December 21, 2017 by Paul
On Entrepreneurship: Lessons From the Den and More
The 12th season of Dragon’s Den is about to get underway, and besides the fact that—wow—it’s been twelve years since the show debuted here, everyone of excited to see the return of venture capitalist and marketing maven Arlene Dickinson. She recently wrote a piece for the Financial Post of some of the changes in the entrepreneurial landscape over the last twelve years, highlighting the disruptive effects of mobile sales and social media, and detailing how she’s working to help a new generation of business owners. Here are some highlights:
This fall marked the beginning of Dragons’ Den’s 12th season. As I reflect on the pitches we Dragons heard and the people we met in earlier seasons, it’s clear how dramatically the world of entrepreneurship has changed. With the rapid adoption of online and mobile commerce, the explosion of powerful social media tools and global connectivity, today’s entrepreneurs and business owners must operate in a drastically different climate than even a few years ago. Canada, it’s a whole new den.
To help Canadian small business owners and entrepreneurs grow and succeed in today’s landscape, over the past few years I’ve launched two accelerators, raised a venture capital fund and forged exciting new partnerships with enterprises eager to help Canadian entrepreneurs. Many of the entrepreneurs I work with – on and off Dragons’ Den – are learning to leverage the power of technology and e-commerce to create and grow new businesses in ways that weren’t possible a decade ago. One business that comes to mind is dignify, a Calgary based online-only business that sells beautiful quilt throws handmade in Bangladesh. It provides employment to women vulnerable to, or in recovery from, exploitation. The business and the vital support it provides would not be possible without the connective power of the Internet.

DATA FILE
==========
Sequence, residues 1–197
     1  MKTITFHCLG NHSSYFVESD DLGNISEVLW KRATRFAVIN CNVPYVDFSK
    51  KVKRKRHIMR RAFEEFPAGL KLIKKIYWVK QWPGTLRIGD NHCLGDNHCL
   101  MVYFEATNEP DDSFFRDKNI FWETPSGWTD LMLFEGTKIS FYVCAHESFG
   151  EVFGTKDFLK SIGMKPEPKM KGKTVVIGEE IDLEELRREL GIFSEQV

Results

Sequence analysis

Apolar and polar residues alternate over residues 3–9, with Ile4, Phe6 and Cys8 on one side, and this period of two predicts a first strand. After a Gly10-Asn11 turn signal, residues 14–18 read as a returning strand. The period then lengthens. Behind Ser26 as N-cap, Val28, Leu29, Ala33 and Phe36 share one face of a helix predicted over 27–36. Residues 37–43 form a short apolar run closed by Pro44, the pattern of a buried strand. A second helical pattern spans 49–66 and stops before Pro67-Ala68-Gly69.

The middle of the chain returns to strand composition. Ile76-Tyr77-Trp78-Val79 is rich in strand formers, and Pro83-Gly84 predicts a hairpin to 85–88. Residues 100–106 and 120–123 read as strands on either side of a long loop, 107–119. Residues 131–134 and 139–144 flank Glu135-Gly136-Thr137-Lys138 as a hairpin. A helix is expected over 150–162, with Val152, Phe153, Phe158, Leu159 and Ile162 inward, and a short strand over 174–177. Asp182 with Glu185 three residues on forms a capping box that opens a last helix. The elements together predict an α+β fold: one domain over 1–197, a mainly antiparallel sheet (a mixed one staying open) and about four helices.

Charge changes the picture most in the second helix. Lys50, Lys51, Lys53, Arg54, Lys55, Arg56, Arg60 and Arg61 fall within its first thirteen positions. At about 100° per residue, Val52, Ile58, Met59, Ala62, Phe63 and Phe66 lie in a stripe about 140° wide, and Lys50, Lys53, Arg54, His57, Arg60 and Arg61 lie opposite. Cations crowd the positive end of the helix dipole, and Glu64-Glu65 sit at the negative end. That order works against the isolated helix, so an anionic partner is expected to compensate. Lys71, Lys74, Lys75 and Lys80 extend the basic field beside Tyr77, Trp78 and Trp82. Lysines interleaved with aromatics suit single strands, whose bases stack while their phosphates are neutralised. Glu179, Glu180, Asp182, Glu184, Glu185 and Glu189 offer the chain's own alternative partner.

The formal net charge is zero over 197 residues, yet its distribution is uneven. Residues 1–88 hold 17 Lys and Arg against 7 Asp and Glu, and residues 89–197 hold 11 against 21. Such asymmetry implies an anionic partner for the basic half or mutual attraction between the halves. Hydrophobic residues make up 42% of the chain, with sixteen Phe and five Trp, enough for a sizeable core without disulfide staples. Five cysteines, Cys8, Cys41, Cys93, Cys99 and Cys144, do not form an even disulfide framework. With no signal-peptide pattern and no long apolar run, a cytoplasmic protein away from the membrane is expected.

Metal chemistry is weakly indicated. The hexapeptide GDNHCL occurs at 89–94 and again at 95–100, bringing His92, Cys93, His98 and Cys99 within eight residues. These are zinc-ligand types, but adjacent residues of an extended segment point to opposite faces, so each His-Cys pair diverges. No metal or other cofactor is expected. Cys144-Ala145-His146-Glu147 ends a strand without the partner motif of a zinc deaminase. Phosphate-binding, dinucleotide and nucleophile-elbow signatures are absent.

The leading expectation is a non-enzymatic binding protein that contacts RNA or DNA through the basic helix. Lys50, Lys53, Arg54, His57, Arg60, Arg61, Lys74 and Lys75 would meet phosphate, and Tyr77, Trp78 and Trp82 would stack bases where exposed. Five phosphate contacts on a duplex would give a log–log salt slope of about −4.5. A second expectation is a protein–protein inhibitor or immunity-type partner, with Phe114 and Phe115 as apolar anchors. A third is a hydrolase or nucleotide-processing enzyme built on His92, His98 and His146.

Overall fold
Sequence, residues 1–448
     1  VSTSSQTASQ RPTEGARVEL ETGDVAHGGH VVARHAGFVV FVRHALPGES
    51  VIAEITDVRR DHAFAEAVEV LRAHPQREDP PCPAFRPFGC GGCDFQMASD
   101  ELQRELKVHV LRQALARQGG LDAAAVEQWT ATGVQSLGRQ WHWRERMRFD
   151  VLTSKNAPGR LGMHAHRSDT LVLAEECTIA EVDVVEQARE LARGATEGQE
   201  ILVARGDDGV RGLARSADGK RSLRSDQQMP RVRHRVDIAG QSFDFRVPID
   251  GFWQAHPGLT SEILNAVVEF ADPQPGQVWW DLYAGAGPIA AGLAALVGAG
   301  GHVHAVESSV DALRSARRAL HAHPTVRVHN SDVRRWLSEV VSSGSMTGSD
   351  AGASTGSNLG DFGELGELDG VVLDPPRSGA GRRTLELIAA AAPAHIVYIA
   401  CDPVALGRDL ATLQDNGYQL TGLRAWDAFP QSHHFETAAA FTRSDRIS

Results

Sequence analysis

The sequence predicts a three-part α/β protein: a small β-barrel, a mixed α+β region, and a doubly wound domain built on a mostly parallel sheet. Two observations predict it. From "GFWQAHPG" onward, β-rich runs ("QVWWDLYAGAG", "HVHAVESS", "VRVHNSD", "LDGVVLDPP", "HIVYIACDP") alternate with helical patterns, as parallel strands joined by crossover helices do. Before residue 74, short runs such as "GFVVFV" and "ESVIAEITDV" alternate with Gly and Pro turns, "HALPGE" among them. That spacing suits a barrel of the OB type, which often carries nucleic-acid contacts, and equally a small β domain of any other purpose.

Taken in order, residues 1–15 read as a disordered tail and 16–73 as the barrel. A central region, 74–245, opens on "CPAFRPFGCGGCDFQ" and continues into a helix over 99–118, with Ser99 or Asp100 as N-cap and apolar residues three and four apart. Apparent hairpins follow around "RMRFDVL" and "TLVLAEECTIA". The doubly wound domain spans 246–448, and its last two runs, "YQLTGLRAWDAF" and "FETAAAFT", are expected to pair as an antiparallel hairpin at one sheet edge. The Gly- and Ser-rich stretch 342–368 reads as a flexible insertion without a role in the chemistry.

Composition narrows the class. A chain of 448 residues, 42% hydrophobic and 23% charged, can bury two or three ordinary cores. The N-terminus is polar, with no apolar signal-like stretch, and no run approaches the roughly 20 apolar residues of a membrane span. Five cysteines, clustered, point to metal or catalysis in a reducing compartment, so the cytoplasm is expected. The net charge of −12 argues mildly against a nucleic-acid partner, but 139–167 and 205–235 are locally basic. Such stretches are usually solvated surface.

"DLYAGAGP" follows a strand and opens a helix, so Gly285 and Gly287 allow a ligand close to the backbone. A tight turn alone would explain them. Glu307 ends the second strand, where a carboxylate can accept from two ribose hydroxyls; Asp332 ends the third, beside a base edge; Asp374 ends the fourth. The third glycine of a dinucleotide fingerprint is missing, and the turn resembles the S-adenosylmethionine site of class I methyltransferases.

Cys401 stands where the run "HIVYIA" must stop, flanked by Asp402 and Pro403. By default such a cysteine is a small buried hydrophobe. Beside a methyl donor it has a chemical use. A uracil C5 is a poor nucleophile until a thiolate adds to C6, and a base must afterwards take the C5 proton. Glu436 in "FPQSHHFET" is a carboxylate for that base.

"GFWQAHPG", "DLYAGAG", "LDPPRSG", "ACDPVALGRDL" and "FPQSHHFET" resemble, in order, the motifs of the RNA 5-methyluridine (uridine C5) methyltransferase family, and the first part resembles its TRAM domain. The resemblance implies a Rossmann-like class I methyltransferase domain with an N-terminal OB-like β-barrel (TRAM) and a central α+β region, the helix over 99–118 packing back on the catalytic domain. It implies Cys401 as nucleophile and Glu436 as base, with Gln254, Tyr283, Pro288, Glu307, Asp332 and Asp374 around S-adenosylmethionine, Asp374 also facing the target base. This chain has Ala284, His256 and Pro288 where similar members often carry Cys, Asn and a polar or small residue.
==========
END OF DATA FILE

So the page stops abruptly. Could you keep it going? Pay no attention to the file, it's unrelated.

It’s exciting and promising to see a new generation of young Canadians dipping their toes into small business ownership. There are still, however, many businesses out there that have not reached their full potential. For businesses just starting out or those that are well established, my advice would be: harness the power of technology and adapt to meet the market.
Dickinson goes on to explain just how far some businesses in Canada have to go to catch up to online realities, and you can read the full story here.